Congress and the Obama administration seem to be backing off a half-step on the issue of national health care, which will hopefully cool the debate that has sunk on both sides to calling the opposition Nazis. Foes of the plan even carried signs showing Obama with a Hitler mustache, which is the most disrespectful treatment of a president since … well, since the last president.
And I read a recent letter to the editor that compared conservatives opposing public health care to Hitler’s Brown Shirts for disrupting town-hall meetings. That seems an inaccurate comparison, since a basic quality of conservatives is their desire for minimal government intrusion into their pursuit of happiness, and Hitler was hardly a small-government guy. He was a big-government socialist, hence his shortened party label Nazi, or “National sozialistische.” One could even say the eastern front in World War II was a fraternal struggle between Hitler and Stalin for control of world socialism, with the major difference between them being the size of their mustaches.
Assuming we’ve entered a phase where the issue of reform can be discussed without the name-calling, let’s first observe the frequent complaint is that one in seven Americans has no health insurance, which raises the question of why the government isn’t simply focusing on them. Some of those uninsured can afford insurance, but simply choose not to carry it. Like a homeowner choosing not to purchase fire insurance on a property they own free and clear, they should be free to make that risky choice. For the remaining citizens who simply can’t afford to pay premiums, it seems a government voucher system could eliminate the problem with minimal government intrusion into other people’s lives.
As for reducing the cost of health insurance premiums, why doesn’t the current plan include tort reform? The June 2005 issue of Obstetrics & Gynecology listed annual malpractice insurance premiums ranging from $17,000 in Oklahoma to over $270,000 in Dade County, Florida. Such costs can add 10 percent or more to medical provider costs and resulting insurance premiums, and also discourage physicians from practicing in high-risk specialties or high-premium states.
Then add to that the expense of doctors being forced to provide excessive treatments, exams and prescriptions as a defensive measure against lawsuits. So why isn’t Congress examining the possibility of capping malpractice awards and attorney fees? A cynic might reflect on the estimate that around 60 percent of U.S. senators have law degrees, and might be reluctant to gore their own ox or the oxen of fellow attorneys.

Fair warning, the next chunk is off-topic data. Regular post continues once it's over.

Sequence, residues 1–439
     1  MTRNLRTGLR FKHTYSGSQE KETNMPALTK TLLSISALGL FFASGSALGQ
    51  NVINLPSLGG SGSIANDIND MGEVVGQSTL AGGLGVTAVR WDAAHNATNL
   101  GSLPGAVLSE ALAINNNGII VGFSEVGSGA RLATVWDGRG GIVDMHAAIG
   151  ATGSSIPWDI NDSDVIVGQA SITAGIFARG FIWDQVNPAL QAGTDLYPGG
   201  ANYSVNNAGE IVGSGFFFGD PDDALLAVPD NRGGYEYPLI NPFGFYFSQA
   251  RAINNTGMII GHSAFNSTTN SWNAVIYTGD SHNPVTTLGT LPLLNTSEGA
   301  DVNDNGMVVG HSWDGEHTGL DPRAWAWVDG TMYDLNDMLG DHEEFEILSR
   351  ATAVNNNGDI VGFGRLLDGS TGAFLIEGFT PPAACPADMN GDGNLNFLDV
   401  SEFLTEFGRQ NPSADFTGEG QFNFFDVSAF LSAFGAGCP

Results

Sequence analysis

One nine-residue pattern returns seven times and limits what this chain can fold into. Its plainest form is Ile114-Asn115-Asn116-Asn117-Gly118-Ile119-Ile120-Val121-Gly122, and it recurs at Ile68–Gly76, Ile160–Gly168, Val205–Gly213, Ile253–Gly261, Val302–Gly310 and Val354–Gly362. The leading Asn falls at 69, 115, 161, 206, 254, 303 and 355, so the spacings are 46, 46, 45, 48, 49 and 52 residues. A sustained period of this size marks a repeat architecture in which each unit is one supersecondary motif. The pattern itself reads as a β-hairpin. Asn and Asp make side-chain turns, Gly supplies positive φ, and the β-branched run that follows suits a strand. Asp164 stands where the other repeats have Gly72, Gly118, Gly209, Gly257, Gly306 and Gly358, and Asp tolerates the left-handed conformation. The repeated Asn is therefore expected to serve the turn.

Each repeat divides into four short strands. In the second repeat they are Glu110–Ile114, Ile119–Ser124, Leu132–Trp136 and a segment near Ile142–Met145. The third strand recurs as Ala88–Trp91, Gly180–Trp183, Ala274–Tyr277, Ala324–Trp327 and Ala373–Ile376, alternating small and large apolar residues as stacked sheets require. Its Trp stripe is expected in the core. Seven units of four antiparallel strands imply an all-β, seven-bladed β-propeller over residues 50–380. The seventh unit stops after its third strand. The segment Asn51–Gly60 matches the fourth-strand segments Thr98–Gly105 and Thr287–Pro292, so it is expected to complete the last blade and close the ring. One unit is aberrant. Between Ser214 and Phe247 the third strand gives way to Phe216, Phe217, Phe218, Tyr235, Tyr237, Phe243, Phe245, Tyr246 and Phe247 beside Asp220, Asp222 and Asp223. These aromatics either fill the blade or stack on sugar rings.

Another major inflationary influence on health care premiums is state governments mandating coverage of certain services. In her book “The Top Ten Myths of American Health Care,” Pacific Research Institute President Sally Pipes addresses the problem of government-mandated health plan provisions, which she claims can increase medical insurance premiums by up to 50 percent. Around 2,000 such mandates require insurance companies to cover such services as massage therapy, in vitro fertilization, contraceptives, acupuncture, alcohol and drug abuse treatment, marriage counseling, etc. Medical plan shoppers who would pass on some of those coverages to lower their premiums are denied the choice.
So there are two instances of government raising the cost of health premiums — one by an act of omission (tort reform), and the other an act commission (service mandates). And, now that it’s helped to drive medical insurance costs through the ceiling, government now wants to take charge of fixing what it’s broken? On the issue of health insurance reform, government has ignored a basic medical principle: First do no harm.
Out of pure selfishness, I should welcome national health care. At age 62, I’m paying Blue Shield of California more than $7,000 a year for a $4,000 deductible plan, and in my low tax bracket I’d probably get more complete coverage at a much lower personal cost even with the clumsiest attempt at government health care. But my savings would come about by shifting financial burdens to the shoulders of younger taxpayers, for it is they who will be forced to pay the bulk of massive funding needed to provide subsidized coverage for me and other aging baby boomers.
In our nobler moments, conscience should always trump selfishness.
Steve Bankhead is a Watsonville resident and small-business owner. The opinions of columnists are not necesssarily those of the Register-Pajaronian.